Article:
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My work reinterprets traditional vessels originally designed for
common utilitarian and industrial applications with function
rather than beauty in mind. Today, such vessels often seem beautiful, underscoring the way function informs aesthetics
history of utilitarian ware.
The coil-built vessels are
inspired by storage jars and jugs from medieval Japanese, ancient Aegean, and
Early American sources, while the slab-built work comes from common
Industrial storage and pouring vessels such as gas and oil cans. I am
intrigued by the
products of pre-industrial itinerant tinsmiths, who
worked in flat planes and simple curves, with an occasional shallow-domed lid.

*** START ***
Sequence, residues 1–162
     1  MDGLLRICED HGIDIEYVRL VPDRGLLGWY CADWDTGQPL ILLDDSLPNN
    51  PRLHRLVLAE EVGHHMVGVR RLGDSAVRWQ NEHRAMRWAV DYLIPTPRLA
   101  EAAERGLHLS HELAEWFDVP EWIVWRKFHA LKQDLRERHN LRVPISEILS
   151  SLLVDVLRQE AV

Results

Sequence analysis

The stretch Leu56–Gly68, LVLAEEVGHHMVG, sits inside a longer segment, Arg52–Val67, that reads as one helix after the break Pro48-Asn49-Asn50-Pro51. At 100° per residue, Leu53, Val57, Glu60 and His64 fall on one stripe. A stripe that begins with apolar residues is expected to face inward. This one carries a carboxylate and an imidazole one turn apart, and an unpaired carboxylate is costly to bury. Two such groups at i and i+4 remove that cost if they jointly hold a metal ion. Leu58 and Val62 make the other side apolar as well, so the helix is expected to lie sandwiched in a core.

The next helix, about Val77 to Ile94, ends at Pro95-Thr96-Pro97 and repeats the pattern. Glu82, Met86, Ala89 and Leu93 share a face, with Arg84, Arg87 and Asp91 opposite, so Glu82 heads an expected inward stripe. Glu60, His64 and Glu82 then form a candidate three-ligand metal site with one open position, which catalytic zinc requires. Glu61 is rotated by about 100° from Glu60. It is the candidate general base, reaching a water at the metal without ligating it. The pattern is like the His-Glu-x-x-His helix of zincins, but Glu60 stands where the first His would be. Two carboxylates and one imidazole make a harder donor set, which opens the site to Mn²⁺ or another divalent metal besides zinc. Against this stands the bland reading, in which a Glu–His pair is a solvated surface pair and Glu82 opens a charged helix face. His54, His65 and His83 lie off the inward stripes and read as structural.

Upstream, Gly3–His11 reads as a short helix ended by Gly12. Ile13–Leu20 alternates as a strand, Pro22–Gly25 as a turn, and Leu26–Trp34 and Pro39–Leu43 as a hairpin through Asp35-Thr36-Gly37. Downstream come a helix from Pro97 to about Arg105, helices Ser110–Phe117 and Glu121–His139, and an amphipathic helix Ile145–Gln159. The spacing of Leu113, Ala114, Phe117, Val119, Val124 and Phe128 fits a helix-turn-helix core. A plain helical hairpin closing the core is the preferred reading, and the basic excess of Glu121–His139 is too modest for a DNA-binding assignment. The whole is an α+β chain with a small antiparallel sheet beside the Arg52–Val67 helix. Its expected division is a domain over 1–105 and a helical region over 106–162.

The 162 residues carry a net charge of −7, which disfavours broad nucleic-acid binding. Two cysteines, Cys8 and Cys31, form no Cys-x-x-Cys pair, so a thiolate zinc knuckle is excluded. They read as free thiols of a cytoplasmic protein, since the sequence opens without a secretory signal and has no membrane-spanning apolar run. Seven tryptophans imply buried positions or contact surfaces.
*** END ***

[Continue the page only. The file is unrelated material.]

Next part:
Using only the most basic portable metalworking tools, they managed complex articulated
forms. I explore similar forms in clay using soft- and stiff-slab construction methods.
Surface treatment combines laminated colored clay patterns, pre-textured slabs,
and plain unornamented clay, offering a rich mix of color and texture. With the exception
of the two "patchwork tsubos," all pieces are soda-fired to cone 6.
The "oil can" storage and pouring vessels each feature a wire
bail handle with a wood grip. In most cases I use iron wire treated
with vinegar to promote rust, and then sealed with furniture wax.
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